subscript : it indicates the no of occurences of the table and it is a normal cobol variable
index : it indicates the offset from the begining of the table and by using the three cobol verbs (set ,serch,perform)we will do the operations on the index variable .we cannot display the index variable like normal cobol variable .we will not declare the index variable in the working storage section.
You can create an index either with a particular table (using OCCURS INDEXED BY) or
separately (using USAGE IS INDEX).
05 TABLE-ITEM PIC X(8)
OCCURS 10 INDEXED BY INX-A.
The compiler calculates the value contained in the index as the occurrence number
(subscript) minus 1, multiplied by the length of the table element. Therefore, for
the fifth occurrence of TABLE-ITEM, the binary value contained in INX-A is (5 - 1) * 8,
If you use USAGE IS INDEX to create an index, you can use the index data item with
any table. For example:
77 INX-B USAGE IS INDEX.
. . .
PERFORM VARYING INX-B FROM 1 BY 1 UNTIL INX-B > 10
DISPLAY TABLE-ITEM (INX-B)
. . .
INX-B is used to traverse table TABLE-ITEM above, but could be used to traverse
other tables also.
You can increment or decrement an index-name by an unsigned numeric literal.
The literal is considered to be an occurrence number. It is converted to an index
value before being added to or subtracted from the index-name.
Initialize the index-name with a SET, PERFORM VARYING, or SEARCH ALL statement.
You can then also use it in SEARCH or relational condition statements. To change the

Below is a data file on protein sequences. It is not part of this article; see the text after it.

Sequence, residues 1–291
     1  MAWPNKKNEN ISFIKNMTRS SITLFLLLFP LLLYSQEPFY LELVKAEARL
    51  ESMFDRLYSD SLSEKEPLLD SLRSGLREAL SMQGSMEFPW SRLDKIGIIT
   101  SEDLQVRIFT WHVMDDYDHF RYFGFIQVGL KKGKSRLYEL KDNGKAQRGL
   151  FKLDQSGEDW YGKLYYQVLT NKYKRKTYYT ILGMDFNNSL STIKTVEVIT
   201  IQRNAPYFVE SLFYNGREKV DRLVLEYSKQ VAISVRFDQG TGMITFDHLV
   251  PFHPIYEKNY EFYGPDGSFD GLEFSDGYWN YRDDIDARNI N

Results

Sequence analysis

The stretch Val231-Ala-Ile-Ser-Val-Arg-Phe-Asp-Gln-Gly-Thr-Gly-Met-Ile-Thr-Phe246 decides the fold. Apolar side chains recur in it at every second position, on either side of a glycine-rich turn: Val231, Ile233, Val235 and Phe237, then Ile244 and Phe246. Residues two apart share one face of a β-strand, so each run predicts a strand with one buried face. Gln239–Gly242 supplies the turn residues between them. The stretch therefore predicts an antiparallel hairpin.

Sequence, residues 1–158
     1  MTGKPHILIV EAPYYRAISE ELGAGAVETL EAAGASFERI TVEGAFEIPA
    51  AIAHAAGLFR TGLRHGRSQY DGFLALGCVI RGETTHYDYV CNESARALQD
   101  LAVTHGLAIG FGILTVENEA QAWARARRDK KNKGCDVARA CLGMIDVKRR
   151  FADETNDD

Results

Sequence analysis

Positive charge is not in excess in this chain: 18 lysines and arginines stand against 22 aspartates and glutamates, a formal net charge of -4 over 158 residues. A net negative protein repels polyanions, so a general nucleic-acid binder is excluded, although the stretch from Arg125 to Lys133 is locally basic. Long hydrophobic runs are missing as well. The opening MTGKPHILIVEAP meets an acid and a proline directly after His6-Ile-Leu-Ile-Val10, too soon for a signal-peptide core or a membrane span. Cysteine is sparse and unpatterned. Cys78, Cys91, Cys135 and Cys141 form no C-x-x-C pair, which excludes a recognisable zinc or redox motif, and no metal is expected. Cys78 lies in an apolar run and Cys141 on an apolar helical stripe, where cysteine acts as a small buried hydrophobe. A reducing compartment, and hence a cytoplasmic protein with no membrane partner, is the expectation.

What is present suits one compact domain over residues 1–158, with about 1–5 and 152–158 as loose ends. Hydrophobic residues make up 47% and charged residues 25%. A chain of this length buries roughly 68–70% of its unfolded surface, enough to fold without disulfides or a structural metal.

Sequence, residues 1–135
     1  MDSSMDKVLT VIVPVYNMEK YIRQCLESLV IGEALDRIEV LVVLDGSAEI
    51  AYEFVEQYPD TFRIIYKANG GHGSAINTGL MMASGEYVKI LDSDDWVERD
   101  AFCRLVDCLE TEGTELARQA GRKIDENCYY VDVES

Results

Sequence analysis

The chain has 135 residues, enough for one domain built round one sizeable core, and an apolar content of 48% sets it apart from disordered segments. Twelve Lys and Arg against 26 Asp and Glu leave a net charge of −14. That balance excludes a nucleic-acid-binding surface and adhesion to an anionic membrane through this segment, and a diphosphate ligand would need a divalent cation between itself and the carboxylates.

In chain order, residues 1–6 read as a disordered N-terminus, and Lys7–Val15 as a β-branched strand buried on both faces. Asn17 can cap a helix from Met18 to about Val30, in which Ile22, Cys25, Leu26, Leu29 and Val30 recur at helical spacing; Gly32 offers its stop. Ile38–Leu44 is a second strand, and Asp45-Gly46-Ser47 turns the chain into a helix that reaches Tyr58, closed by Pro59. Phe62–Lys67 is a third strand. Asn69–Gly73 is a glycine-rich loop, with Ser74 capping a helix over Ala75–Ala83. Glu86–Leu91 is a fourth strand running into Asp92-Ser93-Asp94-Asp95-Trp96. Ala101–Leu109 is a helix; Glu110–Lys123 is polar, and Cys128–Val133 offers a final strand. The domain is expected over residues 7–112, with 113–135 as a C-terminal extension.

value, use a PERFORM, SEARCH, or SET statement.
Use the SET statement to assign to an index the value that you stored in the index
data item defined by USAGE IS INDEX. For example, when you load records into a
variable-length table, you can store the index value of the last record read in a data
item defined as USAGE IS INDEX. Then you can test for the end of the table by
comparing the current index value with the index value of the last record. This
technique is useful when you look through or process the table.
Because you are comparing a physical displacement, you can use index data items
only in SEARCH and SET statements or for comparisons with indexes or other index
data items. You cannot use index data items as subscripts or indexes.
In a two-dimensional table, the two subscripts correspond to the row and column
numbers. In a three-dimensional table, the three subscripts correspond to the
depth, row, and column numbers.
Subscript represents occurrence of the Table Entry. Subscript can be represented explicitly and implicitly. Explicitly means thru occurrence of the table entry; implicitly means thru a data name. That data name should be defined as an independent item in the Working Storage Section. The most efficient definition of Subscript is Full-Word binary.
An Index is assigned to specific table thru INDEXED BY clause. Internally is represented by Index Register which is Full-Word binary. Specific index name can be used to reference a field from the table to which that index is assigned to index represents displacement value of the table entry from the beginning of the table.
Index represent displacement value of the table entry from the beginning of the table, subscript - occurrence of the table entry. To calculate the displacement of the table entry from its beginning when subscript is used takes 16 additional instructions from the system because of that the usage of the index is more efficient.